Atlanta shelter still working to eliminate health hazards

By KAITLYN LEWIS

ATLANTA — The Peachtree-Pine Homeless Shelter still provides care for many of Atlanta’s homeless individuals despite a recent tuberculosis outbreak.

Atlanta Mayor Kasim Reed called for the shelter to close on Aug. 11, 2015 because of health hazards that were brought to light by the CDC. Reed called the shelter a “hub for tuberculosis.” He planned to build a fire station in place of the shelter, which still stands on 477 Peachtree St.

“What everyone in Atlanta knows is Peachtree-Pine has been a source of challenge for the city of Atlanta for 30 years,” Reed told the Atlanta Journal-Constitution. “It destroys and damages that part of the city and the people that live in that part of the city every single day.”

Today, the Peachtree-Pine Homeless Shelter is following TB guidelines. In a letter sent to the Executive Directior, Anita Beaty, from the Fulton County Health Department on July 24, 2015, government officials confirmed that Beaty had properly implemented all 14 of the CDC-recommended administrative controls prior to Reed’s statement.

Part of the administrative controls includes spreading TB awareness, screening and referring infected individuals to proper treatment. The staff at the Peachtree-Pine Homeless Shelter has put up TB posters all over their facility.

In an email, Beaty said the screening process is detailed, and she has not been able to fully explain it at time of this publication. She said she wants to follow up with more information later.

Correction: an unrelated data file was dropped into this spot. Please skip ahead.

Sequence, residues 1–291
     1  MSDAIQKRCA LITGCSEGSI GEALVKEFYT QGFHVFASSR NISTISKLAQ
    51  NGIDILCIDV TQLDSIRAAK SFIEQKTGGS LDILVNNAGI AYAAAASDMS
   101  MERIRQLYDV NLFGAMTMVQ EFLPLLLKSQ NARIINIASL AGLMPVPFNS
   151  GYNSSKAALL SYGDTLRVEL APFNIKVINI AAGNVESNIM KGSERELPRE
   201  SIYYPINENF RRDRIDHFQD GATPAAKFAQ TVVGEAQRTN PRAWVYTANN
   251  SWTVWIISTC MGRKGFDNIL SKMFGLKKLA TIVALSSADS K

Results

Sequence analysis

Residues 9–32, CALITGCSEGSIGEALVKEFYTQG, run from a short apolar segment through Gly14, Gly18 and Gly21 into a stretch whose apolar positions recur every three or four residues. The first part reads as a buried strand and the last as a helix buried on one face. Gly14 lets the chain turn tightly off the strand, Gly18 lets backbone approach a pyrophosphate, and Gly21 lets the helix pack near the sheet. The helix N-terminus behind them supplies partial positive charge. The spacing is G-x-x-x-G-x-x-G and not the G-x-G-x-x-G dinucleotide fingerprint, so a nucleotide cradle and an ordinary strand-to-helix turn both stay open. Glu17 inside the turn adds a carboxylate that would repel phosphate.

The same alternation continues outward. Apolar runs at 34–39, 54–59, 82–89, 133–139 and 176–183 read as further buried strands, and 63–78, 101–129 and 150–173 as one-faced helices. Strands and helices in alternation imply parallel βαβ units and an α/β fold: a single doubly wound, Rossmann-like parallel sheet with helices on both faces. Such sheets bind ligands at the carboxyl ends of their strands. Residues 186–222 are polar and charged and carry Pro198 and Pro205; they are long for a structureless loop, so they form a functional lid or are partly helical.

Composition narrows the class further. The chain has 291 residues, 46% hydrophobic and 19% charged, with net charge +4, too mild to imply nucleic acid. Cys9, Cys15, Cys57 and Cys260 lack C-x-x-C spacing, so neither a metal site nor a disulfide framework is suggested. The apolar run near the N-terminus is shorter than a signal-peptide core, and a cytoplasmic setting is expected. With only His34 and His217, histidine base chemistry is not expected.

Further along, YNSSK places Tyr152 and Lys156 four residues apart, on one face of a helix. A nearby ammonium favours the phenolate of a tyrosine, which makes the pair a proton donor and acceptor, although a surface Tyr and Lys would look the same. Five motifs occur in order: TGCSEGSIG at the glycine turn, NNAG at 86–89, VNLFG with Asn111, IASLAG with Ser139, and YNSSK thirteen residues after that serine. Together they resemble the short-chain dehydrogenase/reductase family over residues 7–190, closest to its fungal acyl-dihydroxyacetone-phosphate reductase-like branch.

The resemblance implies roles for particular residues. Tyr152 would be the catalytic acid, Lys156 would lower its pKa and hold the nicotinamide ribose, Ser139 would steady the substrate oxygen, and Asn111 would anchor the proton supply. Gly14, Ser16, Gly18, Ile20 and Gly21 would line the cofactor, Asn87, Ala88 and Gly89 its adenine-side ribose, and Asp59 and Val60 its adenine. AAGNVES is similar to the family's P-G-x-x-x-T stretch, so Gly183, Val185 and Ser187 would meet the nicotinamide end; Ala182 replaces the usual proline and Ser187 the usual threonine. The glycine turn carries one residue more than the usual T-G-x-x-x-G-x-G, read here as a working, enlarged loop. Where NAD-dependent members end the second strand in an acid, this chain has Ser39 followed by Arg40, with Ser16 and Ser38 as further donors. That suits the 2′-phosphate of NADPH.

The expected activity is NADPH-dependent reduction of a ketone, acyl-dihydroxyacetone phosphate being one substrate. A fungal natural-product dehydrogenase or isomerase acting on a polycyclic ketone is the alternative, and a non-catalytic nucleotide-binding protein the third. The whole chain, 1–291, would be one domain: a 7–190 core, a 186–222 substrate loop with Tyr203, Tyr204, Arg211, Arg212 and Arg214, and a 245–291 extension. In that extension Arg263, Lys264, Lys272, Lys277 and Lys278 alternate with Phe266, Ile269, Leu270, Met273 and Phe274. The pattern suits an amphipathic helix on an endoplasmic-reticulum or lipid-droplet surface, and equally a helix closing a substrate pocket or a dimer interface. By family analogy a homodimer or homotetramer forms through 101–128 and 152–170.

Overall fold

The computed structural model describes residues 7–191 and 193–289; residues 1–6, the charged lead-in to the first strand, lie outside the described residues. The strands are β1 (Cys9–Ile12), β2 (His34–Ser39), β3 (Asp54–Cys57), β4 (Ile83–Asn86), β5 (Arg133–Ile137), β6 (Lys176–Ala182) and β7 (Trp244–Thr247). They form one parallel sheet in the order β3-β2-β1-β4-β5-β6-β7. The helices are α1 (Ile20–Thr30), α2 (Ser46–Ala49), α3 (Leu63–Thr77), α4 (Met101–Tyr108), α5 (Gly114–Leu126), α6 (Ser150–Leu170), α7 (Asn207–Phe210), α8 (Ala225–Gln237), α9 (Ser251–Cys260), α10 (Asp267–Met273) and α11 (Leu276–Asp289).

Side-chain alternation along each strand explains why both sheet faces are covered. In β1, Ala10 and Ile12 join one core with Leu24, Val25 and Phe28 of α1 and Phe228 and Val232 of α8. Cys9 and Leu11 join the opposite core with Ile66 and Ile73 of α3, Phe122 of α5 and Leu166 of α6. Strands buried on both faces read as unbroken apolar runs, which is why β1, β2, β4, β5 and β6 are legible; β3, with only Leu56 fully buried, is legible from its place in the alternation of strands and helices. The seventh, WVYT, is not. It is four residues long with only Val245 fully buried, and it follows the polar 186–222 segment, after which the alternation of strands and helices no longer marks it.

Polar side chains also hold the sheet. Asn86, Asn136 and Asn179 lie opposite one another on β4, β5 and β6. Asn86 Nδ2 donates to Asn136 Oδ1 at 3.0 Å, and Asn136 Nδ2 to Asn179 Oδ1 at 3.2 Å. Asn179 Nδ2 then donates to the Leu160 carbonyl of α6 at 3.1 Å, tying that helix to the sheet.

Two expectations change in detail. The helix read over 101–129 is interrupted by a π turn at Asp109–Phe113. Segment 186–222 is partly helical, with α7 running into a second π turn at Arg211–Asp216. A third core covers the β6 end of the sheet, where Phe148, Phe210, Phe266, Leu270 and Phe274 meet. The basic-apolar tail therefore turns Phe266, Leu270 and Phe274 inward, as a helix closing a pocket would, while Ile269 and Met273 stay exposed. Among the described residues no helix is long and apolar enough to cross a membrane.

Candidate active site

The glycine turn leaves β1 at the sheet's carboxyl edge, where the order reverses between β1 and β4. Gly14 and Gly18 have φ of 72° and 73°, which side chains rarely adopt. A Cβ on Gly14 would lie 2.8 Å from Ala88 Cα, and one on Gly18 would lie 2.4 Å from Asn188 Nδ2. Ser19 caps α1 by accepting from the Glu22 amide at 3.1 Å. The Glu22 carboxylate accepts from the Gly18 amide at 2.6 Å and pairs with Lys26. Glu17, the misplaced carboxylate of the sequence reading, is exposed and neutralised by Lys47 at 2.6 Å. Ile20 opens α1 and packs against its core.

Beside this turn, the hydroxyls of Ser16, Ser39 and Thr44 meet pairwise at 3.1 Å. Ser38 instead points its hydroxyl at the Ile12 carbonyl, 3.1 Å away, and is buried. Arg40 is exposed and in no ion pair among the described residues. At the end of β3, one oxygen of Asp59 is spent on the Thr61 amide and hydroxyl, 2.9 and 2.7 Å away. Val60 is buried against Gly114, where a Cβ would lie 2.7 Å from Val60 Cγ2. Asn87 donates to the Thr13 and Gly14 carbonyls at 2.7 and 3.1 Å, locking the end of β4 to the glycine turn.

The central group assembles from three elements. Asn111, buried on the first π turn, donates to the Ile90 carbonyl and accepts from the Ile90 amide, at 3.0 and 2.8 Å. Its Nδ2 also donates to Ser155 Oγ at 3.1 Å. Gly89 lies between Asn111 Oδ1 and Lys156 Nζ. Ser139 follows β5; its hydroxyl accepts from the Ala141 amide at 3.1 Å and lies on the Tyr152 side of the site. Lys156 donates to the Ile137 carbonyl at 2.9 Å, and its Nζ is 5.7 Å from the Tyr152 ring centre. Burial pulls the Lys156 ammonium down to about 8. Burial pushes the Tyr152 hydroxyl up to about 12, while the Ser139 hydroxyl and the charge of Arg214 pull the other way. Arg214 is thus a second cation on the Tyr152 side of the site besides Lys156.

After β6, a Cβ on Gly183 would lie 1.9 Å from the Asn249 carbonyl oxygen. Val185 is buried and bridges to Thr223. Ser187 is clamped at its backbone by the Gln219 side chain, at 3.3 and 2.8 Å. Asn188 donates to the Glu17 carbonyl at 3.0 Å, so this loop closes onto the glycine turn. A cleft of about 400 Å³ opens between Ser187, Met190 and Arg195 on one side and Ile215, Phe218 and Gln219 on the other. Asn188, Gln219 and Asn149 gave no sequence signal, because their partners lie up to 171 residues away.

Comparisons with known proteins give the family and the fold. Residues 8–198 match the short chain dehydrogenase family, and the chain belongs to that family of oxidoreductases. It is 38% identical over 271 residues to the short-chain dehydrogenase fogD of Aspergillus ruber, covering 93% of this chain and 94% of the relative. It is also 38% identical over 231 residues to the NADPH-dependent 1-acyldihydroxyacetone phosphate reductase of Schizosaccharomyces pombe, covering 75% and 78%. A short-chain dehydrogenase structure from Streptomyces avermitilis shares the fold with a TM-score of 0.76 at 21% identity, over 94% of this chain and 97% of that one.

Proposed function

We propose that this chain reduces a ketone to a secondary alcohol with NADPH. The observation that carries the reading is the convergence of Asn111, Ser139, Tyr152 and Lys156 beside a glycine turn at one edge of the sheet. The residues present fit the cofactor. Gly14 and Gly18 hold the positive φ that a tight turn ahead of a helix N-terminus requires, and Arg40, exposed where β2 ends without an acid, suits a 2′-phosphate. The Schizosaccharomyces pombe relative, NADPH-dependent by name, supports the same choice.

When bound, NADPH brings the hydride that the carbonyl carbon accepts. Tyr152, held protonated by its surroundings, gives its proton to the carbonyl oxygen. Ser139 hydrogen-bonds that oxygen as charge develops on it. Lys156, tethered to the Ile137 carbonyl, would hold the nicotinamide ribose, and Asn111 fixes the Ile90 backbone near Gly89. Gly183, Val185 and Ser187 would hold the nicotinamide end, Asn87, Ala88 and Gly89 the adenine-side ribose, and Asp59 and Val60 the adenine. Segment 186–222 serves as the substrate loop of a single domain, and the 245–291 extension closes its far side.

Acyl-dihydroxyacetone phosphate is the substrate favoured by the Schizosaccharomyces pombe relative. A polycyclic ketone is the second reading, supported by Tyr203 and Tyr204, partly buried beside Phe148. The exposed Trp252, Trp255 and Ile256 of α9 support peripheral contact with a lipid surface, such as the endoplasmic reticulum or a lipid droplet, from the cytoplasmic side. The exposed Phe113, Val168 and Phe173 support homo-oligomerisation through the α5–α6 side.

Nitish Sood, a student from Alpharetta High School who co-founded a nonprofit organization for the homeless called Working Together For Change, said that it is important to focus on prevention rather than care when it comes to diseases spread in homeless communities.

“I’m not too aware on the political situation going on behind this, but I do think that one of the most important things now should also be focused on preventing future cases,” Sood said. “Because now we know the certain genotype of tuberculosis that’s being spread, and now we know also because how long we have been combating tuberculosis, we can effectively cure and treat it, but it’s just a matter of spreading that right now.”

In his Atlanta-based organization, Sood has three pillars that he focuses on: immersion, social entrepreneurship and medical. He visits different schools to spread awareness and educate students on homelessness. Working Together For Change has also educated some homeless individuals on medical risks.

“So we try to contact doctors and nurses and organizations around the city, and try to get their specialists to speak at our events,” Sood said. “Cardiovascular disease, or mental health or even diabetes—we try to get to speak to large groups of homeless people.”

In a recent medical event held on Sept. 19, impacted around 100 homeless people, Sood said.

“A large part of homelessness is medical bills,” Sood said. He added that many people become homeless as a result of overwhelming medical bills they were not able to pay.

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